The Black Pagoda lipstick plant is a delightful hanging houseplant with dazzling foliage. This post shares all you want to know to make your Black Pagoda lipstick plant flourish.
Putting a Black Pagoda in a container with free, properly draining soil and adding water when the soil is dry is crucial for its care. Keep a pleasant inside temperature range between 60F and 85F in an area with indirect light and high humidity.
This article discusses the various parts that involve caring for a Black Pagoda and how to handle each. From soil and water to pests and illnesses, any novice can deal with their Black Pagoda with this complete care guide.
Black Pagoda Care Guide
All lipstick plants have their own specific needs to stay healthy. Here are the essential aspects to keeping a Black Pagoda plant healthy while maintaining its shiny green foliage:
A Black Pagoda can suffer from root decay, so make sure that your plant is dry before watering it. You can test the dampness in your dirt with a dampness meter and water your plant when the meter shows ‘dry.’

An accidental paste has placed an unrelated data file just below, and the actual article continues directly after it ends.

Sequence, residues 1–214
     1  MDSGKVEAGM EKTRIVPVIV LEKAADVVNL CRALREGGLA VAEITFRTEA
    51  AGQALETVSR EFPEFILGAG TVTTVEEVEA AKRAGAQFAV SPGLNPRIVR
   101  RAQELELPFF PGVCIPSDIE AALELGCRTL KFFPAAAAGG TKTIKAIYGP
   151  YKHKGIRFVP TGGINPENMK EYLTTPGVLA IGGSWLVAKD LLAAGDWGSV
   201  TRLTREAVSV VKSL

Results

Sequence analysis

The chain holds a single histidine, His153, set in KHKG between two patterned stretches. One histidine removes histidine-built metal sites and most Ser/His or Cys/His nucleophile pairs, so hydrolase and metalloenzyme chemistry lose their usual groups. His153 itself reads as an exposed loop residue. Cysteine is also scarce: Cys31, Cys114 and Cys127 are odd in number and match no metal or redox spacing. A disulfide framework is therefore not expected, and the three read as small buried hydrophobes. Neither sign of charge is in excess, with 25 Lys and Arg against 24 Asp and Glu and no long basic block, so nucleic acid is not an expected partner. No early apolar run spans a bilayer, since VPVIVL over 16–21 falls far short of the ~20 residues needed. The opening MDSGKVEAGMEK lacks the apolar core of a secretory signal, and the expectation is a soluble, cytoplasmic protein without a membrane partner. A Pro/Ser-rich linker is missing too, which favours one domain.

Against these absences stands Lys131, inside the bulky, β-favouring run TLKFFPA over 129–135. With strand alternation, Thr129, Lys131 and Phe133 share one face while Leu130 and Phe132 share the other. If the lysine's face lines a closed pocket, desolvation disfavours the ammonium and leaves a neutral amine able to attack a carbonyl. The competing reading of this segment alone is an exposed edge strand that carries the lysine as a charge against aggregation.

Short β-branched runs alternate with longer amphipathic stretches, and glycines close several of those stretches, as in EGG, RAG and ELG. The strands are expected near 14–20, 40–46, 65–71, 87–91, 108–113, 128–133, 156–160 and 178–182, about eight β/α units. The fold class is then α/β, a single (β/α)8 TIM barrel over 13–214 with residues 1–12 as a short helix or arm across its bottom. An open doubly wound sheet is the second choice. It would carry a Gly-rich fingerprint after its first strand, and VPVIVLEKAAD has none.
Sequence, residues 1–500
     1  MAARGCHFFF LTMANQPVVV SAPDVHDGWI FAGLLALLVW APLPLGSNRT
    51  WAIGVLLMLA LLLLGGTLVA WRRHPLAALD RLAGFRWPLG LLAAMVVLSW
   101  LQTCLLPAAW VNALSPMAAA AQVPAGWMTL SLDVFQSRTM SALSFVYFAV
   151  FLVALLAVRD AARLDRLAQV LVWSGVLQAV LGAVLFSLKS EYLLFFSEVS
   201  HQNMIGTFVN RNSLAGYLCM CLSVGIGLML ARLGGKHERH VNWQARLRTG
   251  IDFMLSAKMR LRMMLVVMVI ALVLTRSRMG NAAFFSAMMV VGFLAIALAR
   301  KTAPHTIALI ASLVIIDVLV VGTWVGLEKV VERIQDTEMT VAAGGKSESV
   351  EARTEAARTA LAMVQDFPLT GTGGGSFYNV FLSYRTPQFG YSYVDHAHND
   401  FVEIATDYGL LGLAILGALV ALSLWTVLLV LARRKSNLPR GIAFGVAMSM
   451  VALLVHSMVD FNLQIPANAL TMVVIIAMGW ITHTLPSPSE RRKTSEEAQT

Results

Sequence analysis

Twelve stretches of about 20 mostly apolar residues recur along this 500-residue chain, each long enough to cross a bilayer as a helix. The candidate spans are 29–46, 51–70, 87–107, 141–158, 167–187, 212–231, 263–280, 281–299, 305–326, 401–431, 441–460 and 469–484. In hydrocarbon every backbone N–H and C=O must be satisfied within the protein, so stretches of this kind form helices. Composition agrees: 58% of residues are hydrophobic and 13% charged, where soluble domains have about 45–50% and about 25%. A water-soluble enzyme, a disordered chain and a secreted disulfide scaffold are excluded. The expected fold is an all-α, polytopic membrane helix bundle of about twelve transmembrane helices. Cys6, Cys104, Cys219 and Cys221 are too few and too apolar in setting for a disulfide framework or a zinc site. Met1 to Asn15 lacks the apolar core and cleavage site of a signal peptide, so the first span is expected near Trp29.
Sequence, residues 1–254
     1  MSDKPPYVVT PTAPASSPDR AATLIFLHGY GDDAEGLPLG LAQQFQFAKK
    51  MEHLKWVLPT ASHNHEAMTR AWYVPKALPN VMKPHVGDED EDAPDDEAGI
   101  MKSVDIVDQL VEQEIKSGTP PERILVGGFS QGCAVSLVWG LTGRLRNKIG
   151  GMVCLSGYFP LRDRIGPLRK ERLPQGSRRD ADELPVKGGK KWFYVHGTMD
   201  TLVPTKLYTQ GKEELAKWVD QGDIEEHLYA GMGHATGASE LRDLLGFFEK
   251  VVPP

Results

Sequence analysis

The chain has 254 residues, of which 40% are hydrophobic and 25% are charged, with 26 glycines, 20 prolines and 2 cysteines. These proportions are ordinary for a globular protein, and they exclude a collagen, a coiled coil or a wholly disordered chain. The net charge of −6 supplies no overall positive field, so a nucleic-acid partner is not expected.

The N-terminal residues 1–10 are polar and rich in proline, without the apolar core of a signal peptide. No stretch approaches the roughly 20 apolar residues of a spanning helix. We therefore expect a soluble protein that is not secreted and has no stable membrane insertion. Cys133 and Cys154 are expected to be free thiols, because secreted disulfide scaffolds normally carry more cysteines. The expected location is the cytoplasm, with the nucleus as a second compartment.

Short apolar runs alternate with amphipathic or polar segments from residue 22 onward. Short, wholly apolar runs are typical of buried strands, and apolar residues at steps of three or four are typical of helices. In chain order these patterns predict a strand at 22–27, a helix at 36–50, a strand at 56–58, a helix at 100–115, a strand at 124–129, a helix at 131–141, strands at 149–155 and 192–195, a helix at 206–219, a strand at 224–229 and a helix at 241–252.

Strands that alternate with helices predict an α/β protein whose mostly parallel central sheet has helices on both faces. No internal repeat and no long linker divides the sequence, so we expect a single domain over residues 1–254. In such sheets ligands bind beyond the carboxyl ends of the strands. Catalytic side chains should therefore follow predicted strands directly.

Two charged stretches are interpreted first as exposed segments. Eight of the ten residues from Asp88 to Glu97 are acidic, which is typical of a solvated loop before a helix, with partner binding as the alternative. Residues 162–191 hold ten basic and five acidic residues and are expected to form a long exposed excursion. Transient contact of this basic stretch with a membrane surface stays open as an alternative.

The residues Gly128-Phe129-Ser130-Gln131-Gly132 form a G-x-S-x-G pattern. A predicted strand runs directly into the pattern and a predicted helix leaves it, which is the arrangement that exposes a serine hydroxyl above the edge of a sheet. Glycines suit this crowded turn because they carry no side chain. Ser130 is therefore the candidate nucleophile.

Alternatively, you can embed a stick into the soil and check for dampness. Assuming it is dry, now is the right time to water. One more method for telling when your Black Pagoda lipstick plant is ready for watering is to check how adaptable its leaves are. Knowing when your plant could use some water is a simple procedure.
Pick a more seasoned, mature leaf and carefully twist the leaf in reverse so that the tip pushes toward the stem. If the leaf doesn’t turn rapidly, a Black Pagoda doesn’t need watering. Assuming the leaf twists effectively and is adaptable enough for the tip to contact the stem, now is the right time to water your plant. Try not to pick a new leaf for the test because all new leaves are adaptable.